The Property Editor will also need to know about the properties from each interface. Here EditorObject will ask each interface for a list of properties. I still need to come up with a property representation which these GetProperties functions use. I don't think it would be a good idea to have the interface wrappers tied to wxPropertyGrid.

Instead of showing the interface name as the category in the property editor, there will be a name based on logical groupings of properties, like "Surface", for properties related to a surface. The idea is that there is a better grouping of properties for editing than the groupings dictated by the interfaces, which were designed to be good groupings for runtime. To implement this, each property will specifie under which category that property should be displayed. Ideally, these category names would be standardized. For the advanced user, the underlying interface name can be shown in the property description, and optionally, the properties could be grouped by interface.

Finally, Tools are interested in what interfaces an object has so that they can determine whether they are available. They can use EditorObject::HasInterface to query for interfaces using cached results.

On a more practical note...
My mentor kindly created a branch for me in
I've gotten both wxAUI and wxPropertyGrid samples to compile from within the CSExtra source tree, by including wxPropertyGrid sources in the tree and assuming wxAUI is built into wxWidgets. I should require wxWidgets 2.8+ since only that has wxAUI, but I haven't messed with the standard configure check yet. A more elegant way would be to make an additional check for wxAUI. In the case that it isn't present, I could have the PanelManager use some sort of static layout with splitters, but this isn't a priority.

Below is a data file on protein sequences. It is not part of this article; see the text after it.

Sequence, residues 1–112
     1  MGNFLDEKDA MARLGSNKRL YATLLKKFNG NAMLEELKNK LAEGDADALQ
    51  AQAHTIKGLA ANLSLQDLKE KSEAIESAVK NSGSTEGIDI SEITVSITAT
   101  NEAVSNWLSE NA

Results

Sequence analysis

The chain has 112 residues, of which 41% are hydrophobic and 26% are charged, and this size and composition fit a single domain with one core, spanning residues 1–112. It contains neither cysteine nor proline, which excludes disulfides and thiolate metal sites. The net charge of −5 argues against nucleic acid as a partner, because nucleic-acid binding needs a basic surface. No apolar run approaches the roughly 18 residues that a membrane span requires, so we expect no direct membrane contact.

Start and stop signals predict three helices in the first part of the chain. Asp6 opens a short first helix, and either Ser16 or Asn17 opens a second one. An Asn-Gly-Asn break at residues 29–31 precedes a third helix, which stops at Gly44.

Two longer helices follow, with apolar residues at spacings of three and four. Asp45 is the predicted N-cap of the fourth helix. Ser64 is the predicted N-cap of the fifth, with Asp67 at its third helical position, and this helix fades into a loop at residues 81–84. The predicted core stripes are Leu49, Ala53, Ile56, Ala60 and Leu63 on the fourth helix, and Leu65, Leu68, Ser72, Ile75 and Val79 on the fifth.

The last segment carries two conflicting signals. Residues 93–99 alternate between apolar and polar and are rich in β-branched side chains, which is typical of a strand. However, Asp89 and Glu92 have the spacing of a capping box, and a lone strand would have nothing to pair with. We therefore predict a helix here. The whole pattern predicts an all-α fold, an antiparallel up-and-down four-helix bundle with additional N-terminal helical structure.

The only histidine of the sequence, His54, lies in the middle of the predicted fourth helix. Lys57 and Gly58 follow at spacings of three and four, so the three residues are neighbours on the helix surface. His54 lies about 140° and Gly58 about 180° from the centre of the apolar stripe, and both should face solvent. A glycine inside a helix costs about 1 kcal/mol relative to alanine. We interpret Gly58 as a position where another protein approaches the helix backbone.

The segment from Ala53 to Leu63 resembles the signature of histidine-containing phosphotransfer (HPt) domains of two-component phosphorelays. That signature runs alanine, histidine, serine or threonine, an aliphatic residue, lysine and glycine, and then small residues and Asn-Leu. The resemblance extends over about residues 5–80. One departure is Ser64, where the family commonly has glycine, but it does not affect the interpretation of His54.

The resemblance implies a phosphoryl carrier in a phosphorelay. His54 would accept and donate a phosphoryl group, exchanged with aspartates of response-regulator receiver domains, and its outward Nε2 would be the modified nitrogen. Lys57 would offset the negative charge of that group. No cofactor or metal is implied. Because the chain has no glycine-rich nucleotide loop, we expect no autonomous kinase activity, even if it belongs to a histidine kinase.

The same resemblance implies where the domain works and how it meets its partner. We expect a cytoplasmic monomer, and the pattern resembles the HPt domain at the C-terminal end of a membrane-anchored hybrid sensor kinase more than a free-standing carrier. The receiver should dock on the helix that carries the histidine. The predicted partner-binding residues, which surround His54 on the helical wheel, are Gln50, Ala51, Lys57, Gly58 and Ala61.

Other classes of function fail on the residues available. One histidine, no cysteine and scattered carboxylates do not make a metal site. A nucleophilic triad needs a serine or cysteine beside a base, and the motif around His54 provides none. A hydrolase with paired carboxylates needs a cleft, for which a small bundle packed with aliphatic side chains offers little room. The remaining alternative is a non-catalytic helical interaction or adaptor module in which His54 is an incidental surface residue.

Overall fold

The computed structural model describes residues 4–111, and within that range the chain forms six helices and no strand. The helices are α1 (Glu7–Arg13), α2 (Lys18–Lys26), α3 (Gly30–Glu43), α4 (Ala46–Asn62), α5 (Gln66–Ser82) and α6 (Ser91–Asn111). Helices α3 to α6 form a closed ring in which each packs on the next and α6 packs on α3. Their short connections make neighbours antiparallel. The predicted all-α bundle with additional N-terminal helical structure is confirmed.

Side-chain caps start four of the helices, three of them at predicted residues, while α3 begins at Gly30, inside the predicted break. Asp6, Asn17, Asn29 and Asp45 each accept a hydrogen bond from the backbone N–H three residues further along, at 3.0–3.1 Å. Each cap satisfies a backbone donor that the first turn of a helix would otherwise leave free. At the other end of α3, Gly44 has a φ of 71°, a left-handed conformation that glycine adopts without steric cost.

In my next post, I'll talk a bit about registering objects with the editor and selections.

I hope to really iron out the design during this week so I can get a good start on the code. I'll try to come up with a schedule tomorrow. Signing out.


Class Diagram and some Q&A with myself

Permalink 03:33:13 am, Categories: World Editor  

Now that exams are over, I can start the real work on the CS editor.

I decided to start off by trying to make a class diagram of the editor. This allows me visualize the system and locate problem areas in the design.

Class Diagram

There are a few issues that I've identified right now:

  1. What type do I use for the selections?

    Since I'm allowing heterogeneous selections, I need an array which can hold basically any CS engine object, including factories. I'm thinking a csWeakRefArray of iBase will work. It should use weak references since, we don't want to keep objects around if they deleted. Perhaps I need to call csWeakRefArray::Compact() before any function dealing with the selection, so I don't need to deal with invalid objects.

  2. How do I get the property editor for the selected objects?